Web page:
Origins Available: French
The Strongbownian invaders added their Norman conventions for surnames to the previously established Irish system for hereditary surnames
. One of the most frequent forms of surnames for both cultures was the patronymic
surname, which was formed from the name of the bearer's father or grandfather. The Norman tradition that the followers of Strongbow
brought with them created such a surname through diminutive suffixes such as -ot, -et, -un, -in, or -el. Occasionally, two suffixes were combined to form a double diminutive, as in the combinations of -el-in, -el-ot, -in-ot, and -et-in. The Normans
also formed patronymic surnames in a manner very similar to the Irish: they added a prefix to their father's name. These Anglo-Norman people, however, used the prefix Fitz-, which was derived from the French word fils, and ultimately from the Latin filius
, which both mean son. Although this prefix probably originated in Flanders
, it can now only be found in Ireland
. The surname Burnard is derived from the Germanic personal name
Bernhard, which consists of the elements ber or bern, which mean bear, and hard, which means brave, handy, or strong.
Early Origins of the Burnard family
The surname Burnard was first found in Westmorland
, where they had been granted lands by King William for their assistance at the Battle of Hastings in 1066.Sir Theophilus, a Norman knight, who assisted William the Conqueror in the conquest of England
was succeeded by his son, Sir Dorbard, who took the surname Bernard. Sir Dorbard's descendants settled at Acornbank in the county of Westmorland, but stayed in good favor with the royalty. In 1172 King Henry II took Robert Fitz Bernard with him to Ireland
, in the invasion of Ireland, and entrusted to his care the counties of Wexford
Early History of the Burnard family
This web page shows only a small excerpt of our Burnard research.Another 268 words (19 lines of text) covering the years 1115, 1148, 1320, 1702, 1738, 1903, 1672 and 1697 are included under the topic Early Burnard History in all our PDF Extended History products and printed products wherever possible.
Burnard Spelling Variations
Since church officials and medieval scribes spelt each name as it sounded to them; as a result, a single person could accumulate many different versions of his name within official records. A close examination of the origins of the name Burnard revealed the following spelling variations: Bernard, Barnard, Bernyrd, Barnerd, Barnart, Barnert, Barnarde and many more.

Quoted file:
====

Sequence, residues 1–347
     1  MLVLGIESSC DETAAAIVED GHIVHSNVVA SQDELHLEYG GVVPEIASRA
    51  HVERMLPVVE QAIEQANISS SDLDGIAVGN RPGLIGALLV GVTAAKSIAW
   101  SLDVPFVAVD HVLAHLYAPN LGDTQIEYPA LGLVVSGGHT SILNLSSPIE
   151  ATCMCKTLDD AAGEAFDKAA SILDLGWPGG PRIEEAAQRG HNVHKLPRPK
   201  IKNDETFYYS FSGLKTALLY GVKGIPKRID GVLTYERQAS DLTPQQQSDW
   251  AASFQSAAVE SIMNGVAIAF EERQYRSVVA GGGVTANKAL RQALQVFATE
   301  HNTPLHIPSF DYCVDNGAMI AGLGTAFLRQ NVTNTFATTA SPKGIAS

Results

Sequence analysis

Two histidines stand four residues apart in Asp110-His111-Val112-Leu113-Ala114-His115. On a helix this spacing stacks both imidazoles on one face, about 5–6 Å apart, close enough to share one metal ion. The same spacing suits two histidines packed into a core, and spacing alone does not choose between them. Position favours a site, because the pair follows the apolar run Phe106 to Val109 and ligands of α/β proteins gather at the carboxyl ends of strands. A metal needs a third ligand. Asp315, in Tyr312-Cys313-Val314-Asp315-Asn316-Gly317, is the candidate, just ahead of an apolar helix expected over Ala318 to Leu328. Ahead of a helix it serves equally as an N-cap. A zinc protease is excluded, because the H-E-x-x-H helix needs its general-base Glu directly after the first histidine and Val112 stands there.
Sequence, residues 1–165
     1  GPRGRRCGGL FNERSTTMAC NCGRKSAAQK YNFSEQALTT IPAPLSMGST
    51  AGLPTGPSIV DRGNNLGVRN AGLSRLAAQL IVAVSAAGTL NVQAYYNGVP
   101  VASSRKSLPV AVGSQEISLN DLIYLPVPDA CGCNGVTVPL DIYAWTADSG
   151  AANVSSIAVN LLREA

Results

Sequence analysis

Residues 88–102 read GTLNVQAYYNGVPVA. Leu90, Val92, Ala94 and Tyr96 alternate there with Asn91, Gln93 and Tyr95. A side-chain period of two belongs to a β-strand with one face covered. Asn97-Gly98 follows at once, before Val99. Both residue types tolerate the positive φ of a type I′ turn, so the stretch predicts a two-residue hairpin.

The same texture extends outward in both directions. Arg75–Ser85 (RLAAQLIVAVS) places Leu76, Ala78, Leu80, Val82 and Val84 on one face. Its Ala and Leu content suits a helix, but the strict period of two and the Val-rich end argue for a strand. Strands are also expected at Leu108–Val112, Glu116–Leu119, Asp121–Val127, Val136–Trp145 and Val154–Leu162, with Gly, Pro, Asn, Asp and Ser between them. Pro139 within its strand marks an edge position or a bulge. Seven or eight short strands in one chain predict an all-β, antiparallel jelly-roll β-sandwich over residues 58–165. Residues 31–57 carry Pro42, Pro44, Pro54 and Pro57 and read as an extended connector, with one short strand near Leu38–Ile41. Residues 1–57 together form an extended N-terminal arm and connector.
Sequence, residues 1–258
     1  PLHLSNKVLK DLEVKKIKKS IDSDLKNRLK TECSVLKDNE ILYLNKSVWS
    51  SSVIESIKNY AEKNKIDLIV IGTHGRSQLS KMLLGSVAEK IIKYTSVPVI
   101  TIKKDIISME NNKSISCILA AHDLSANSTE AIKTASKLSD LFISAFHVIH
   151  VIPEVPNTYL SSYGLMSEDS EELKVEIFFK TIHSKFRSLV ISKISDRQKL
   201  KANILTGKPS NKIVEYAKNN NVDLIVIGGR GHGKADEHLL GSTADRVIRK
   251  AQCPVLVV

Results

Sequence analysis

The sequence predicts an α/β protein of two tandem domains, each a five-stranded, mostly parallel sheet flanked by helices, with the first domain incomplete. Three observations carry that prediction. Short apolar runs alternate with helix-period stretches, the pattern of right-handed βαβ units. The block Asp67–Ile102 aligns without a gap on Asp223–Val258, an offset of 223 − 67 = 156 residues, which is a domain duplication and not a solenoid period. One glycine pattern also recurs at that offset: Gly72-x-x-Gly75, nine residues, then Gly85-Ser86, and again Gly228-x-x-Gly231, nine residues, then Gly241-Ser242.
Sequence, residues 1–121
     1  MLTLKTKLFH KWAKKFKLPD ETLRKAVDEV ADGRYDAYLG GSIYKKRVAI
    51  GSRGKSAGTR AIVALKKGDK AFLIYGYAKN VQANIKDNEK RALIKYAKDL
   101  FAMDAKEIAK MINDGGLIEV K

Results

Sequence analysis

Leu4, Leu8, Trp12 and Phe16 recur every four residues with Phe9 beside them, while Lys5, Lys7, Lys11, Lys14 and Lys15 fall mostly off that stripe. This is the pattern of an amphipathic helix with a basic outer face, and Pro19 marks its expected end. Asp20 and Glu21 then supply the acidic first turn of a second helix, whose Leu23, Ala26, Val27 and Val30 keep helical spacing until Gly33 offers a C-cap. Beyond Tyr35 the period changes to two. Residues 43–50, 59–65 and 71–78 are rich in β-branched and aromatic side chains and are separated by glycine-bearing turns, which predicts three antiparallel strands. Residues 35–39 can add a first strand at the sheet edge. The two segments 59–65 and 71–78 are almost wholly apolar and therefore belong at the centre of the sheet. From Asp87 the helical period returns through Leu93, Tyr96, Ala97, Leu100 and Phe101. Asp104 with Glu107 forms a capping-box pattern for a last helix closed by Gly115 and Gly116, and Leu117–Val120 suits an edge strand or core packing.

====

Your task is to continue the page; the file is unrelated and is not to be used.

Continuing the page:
Early Notables of the Burnard family (pre 1700)
More information is included under the topic Early Burnard Notables in all our PDF Extended History products
and printed products wherever possible.
Migration of the Burnard family to the New World and Oceana
Ireland's Great Potato Famine
left the country's inhabitants in extreme poverty and starvation. Many families left their homeland for North America for the promise of work, freedom and land ownership. Although the Irish were not free of economic and racial discrimination in North America, they did contribute greatly to the rapid development of bridges, canals, roads, and railways. Eventually, they would be accepted in other areas such as commerce, education, and the arts. An examination of immigration and passenger lists revealed many bearing the name Burnard:
Burnard Settlers in United States in the 17th Century
- John Burnard, who landed in Boston, Massachusetts in 1630 CITATION[CLOSE]
Filby, P. William, Meyer, Mary K., Passenger and immigration lists index : a guide to published arrival records of about 500,000 passengers who came to the United States and Canada in the seventeenth, eighteenth, and nineteenth centuries. 1982-1985 Cumulated Supplements in Four Volumes Detroit, Mich. : Gale Research Co., 1985, Print (ISBN 0-8103-1795-8)
Burnard Settlers in Australia in the 19th Century
- James Burnard, aged 20, a labourer, who arrived in South Australia in 1858 aboard the ship "General Hewett"
Burnard Settlers in New Zealand in the 19th Century
- G Burnard, who landed in Auckland, New Zealand in 1842
Contemporary Notables of the name Burnard (post 1700)
- Bonnie Burnard (1945-2017), Canadian novelist and short story writer, awarded the Commonwealth Writers' Prize (1989) and the Giller Prize (1999)
- Norah Telford Burnard (1902-1979), New Zealand school dental supervisor and journal editor
- Neville Northy Burnard (1818-1878), English portrait sculptor
- Major Richard Burnard Munday (1896-1932), English flying ace credited with nine aerial victories during World War I
The Burnard Motto
The motto was originally a war cry or slogan. Mottoes first began to be shown with arms in the 14th and 15th centuries, but were not in general use until the 17th century. Thus the oldest coats of arms generally do not include a motto. Mottoes seldom form part of the grant of arms: Under most heraldic authorities, a motto is an optional component of the coat of arms, and can be added to or changed at will; many families have chosen not to display a motto.
Motto: Virtus probata florebit
Motto Translation: Tried virtue will flourish.